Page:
Separation of Powers

FTC’s 6(b) Patent Assertion Entity Study - Podcast

Intellectual Property Practice Group Podcast
Jorge Contreras, Kristen Osenga, Laurie Self, Adam Mossoff October 18, 2016

On October 6, 2016, the Federal Trade Commission released the long-awaited results of its 6(b) study on patent assertion entities (PAEs). The study provides detailed information about the litigation and licensing activities by the approximately twenty companies the FTC ordered to submit data. The study does more than just describe this data, though. Given that PAEs' function in the innovation industries, the FTC also proposed a number of legislative and judicial recommendations concerning how patents are asserted against alleged infringers. Thus, the FTC's PAE study is an important part of the policy debates about patents, patent licensing, patent litigation, and the impact these have on the innovation economy. In this Teleforum, the panelists discussed the study findings and their reactions to the study and its policy proposals.


  • Prof. Jorge L. Contreras, Associate Professor, S.J. Quinney College of Law, University of Utah
  • Prof. Kristen Osenga, Professor of Law, University of Richmond School of Law
  • Ms. Laurie Self, Vice President and Counsel of Government Affairs, Qualcomm Incorporated
  • Moderator: Prof. Adam Mossoff, Professor of Law and Co-Director of Academic Programs and Senior Scholar of CPIP, Antonin Scalia Law School, George Mason University

Stolen Sovereignty: How to Stop Unelected Judges from Transforming America - Podcast

Administrative Law & Regulation Practice Group Podcast
Daniel Horowitz, Eileen J. O'Connor September 20, 2016

Stolen Sovereignty: How to Stop Unelected Judges from Transforming America, by Daniel Horowitz, discusses the possible political repercussions of President Obama’s judicial appointments. President Obama has filled roughly 30% of the federal judicial seats in his tenure as President. In this Teleforum, Daniel Horowitz will discuss his book and how he believes the will of the people is being usurped by activist judges.


  • Daniel Horowitz, Author, Stolen Sovereignty: How to Stop Unelected Judges from Transforming America
  • Moderator: Hon. Eileen J. O'Connor, Founder, Law Office of Eileen J. O'Connor, PLLC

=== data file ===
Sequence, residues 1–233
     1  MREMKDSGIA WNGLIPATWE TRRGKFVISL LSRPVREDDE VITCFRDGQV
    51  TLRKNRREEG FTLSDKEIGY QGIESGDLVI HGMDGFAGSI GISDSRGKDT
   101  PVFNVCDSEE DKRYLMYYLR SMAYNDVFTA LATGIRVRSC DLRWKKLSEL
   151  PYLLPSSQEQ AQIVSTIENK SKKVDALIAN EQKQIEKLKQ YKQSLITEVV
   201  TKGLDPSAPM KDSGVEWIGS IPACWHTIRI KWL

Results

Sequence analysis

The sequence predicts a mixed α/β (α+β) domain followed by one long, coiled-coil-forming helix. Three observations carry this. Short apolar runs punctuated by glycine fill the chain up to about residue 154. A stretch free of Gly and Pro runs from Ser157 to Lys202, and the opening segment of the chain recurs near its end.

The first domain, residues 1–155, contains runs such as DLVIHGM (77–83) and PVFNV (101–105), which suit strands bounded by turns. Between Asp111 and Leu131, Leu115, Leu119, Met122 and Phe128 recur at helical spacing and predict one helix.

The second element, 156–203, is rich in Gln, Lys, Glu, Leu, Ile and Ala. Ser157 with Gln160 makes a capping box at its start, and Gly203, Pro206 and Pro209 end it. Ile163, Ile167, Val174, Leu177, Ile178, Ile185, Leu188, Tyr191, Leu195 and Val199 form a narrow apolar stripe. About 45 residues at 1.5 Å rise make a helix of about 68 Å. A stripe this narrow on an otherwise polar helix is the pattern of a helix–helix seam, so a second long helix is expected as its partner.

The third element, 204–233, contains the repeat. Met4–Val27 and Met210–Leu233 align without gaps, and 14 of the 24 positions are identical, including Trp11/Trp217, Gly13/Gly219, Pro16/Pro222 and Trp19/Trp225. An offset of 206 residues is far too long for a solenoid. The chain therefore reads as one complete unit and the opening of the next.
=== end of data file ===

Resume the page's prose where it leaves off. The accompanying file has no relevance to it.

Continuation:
Clean Power Plan Litigation Update - Podcast

Environmental Law & Property Rights Practice Group Podcast
Elbert Lin September 01, 2016

On Tuesday, September 27, the D.C. Circuit Court of Appeals will hear West Virginia v. Environmental Protection Agency, the case that will determine the fate of President Obama’s Clean Power Plan. If enacted, the Clean Power Plan would set a national limit for carbon emissions, and require each state to reduce its own output and meet state-specific standards. In February, the Supreme Court voted 5-4 to stay the Clean Power regulations while the case was pending in the D.C. Court. Twenty-four states, and various energy producers, have joined the suit against the federal government. Does the EPA have the authority to regulate a state’s carbon emissions under the Clean Air Act? Elbert Lin, the Solicitor General of West Virginia, joined us to discuss the arguments as briefed in this highly important case.


  • Mr. Elbert Lin, Solicitor General, State of West Virginia

The Least Dangerous Branch? Reflections on Bickel’s Classic - Podcast

Professional Responsibilities & Legal Education Practice Group Podcast
Erwin Chemerinsky, James A. Haynes, Ronald Rotunda July 14, 2016

The Federalist Society's Teleforum series, Legal Classics Revisited, will consider Professor Alexander Bickel's 1962 book, The Least Dangerous Branch. In a life cut short just before his 50th birthday, Professor Bickel contributed to our understanding of American constitutional law. Among his more provocative concepts was the "counter-majoritarian difficulty." It is not unique to observe that in a nation governed by elected representatives, an unelected Federal judiciary with lifetime tenure represents an anomaly. Alexander Hamilton penned Federalist No. 78 to explain and defend the idea. Professor Bickel takes Hamilton's idea and his title and spends his book exploring the questions: How can an unelected branch of government be a co-equal branch of government? How can society enjoy the benefits of an impartial judiciary without seismic jolting along the fault line between majoritarian and counter-majoritarian institutions? Professor Bickel's questions are still extremely relevant today.


  • Dean Erwin Chemerinsky, Dean and Distinguished Professor of Law, University of California, Irvine
  • James A. Haynes, Attorney and Alternate Judge, U.S. Dept of Labor, Employees Compensation Appeals Board
  • Prof. Ronald Rotunda, Doy & Dee Henley Chair and Distinguished Professor of Jurisprudence, Chapman University Dale E. Fowler School of Law

House of Representatives Wins Round One of Obamacare Challenge: U.S. House of Representatives v. Burwell - Podcast

Administrative Law & Regulation Practice Group Podcast
Josh Blackman May 20, 2016

On Thursday, May 12, a United States District Court Judge upheld a constitutional challenge to the Affordable Care Act by finding that the monies for two programs that reimburse insurance companies for providing health coverage at lower costs to low-income consumers and provide tax credits to help these consumers afford their premiums were never appropriated by Congress, and that the programs were thus unconstitutional. Judge Rosemary M. Collyer stayed her decision pending appeal. Our expert discussed the opinion as well as its outlook on appeal.


  • Prof. Josh Blackman, Assistant Professor of Law, South Texas College of Law